“India expects a secure, completed, ready port in Iran that have access to northern Iran, Russia and the Caucasus. Therefore, in the discussion of Chabahar, we must eliminate the existing problems and obstacles as soon as possible,” he said.

Shakeri:Gwadar’s capacity limited but Indian investment in Chabahar miniscule

Shakeri considered geography and energy as the two main advantages of Iran and In the matter of geography, ports were introduced as the main points of transit. “A port does not prosper only with its internal development,but also the connectivity and access of the port to the mainland and backshore countries play a decisive role.So when it comes to Chabahar, in addition to the $1 billion infrastructure cost in Chabahar, the focus on the coastline and backshore, the free zone, the urban fabric, the roads, the railroad that connects the port to the Milak border in Afghanistan must all be defined together and developed together so that Chabahar can fulfill the expectations.”

He pointed out that India’s investment in Chabahar, including the $85 million it spent in Phase One, up to the $500 million that India intends to spend, is very little compared to the costs borne by the Islamic Republic of Iran. “Money, infrastructure, technology and any kind of investment from China, India, etc. in Chabahar will not resolve the issue. It is important that the presence of these countries leads to maritime traffic in Chabahar,” he said. Shakeri then put forward the question whether India's investments in Chabahar have led to increased traffic at the port or not? “Phase One of the port, developed by India, only led to some wheat export to Afghanistan and practically no significant change has been noticed in Chabahar traffic,” he added.

“What is Chabahar’s national and regional vision? And is there any destructive competition with the port of Gwadar in Pakistan or not,” he asked. Shakeri pointed out that despite all the problems, the port was now handling eight million tons of cargo every year.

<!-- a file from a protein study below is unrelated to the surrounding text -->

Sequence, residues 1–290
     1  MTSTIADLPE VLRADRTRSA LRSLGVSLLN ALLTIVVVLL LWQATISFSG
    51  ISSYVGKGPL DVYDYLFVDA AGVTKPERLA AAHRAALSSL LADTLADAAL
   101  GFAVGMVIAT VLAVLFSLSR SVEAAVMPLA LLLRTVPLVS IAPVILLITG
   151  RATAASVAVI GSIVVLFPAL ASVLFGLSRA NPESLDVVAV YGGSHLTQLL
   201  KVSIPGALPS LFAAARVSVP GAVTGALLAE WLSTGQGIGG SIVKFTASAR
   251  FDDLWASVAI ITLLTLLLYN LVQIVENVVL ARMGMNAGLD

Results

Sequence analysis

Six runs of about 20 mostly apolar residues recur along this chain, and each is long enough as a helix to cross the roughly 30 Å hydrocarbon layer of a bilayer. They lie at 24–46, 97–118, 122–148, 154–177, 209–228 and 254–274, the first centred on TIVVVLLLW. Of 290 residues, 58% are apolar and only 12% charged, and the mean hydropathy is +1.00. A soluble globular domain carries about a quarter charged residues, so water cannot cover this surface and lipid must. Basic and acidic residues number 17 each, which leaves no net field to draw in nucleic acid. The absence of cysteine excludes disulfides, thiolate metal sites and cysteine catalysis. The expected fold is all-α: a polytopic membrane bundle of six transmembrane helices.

Shakeri noted that Chabahar’s importance to Iran was mostly in terms of international branding than in maritime and economic terms because in many cases, the cost of sending goods from Bandar Abbas and other ports of the country to meet domestic needs and that of neighbouring countries is cheaper than Chabahar

“As first investors in Gwadar since the early 1990s, Chinese have installed only three 200-meter pier posts with a water intake of less than 12 meters and a number of giraffe cranes in the port. Therefore, this port is incapable of mooring large ships with high tonnage. Contrary to popular belief, the port of Gwadar has not developed much in recent years and its capacity has remained limited at the initial level in terms of urban fabric and the provision of maritime supplies, which are the most basic needs for mooring ships.Drinking water, electricity, airports and road facilities in the port of Gwadar are very poor.The route from Gwadar port to Pakistan's Gilgit and Balochistan provinces is very arduous and Pakistan is trying to intimidate India with widespread propaganda by encouraging China to invest more in Gwadar for its own interests.If ever, Gwadar will reach the capacity of Chabahar now in ten years. Two ships docked in Chabahar today, one of which was of 66,000 tons. In Gwadar, such a ship docks once every three months,” he said.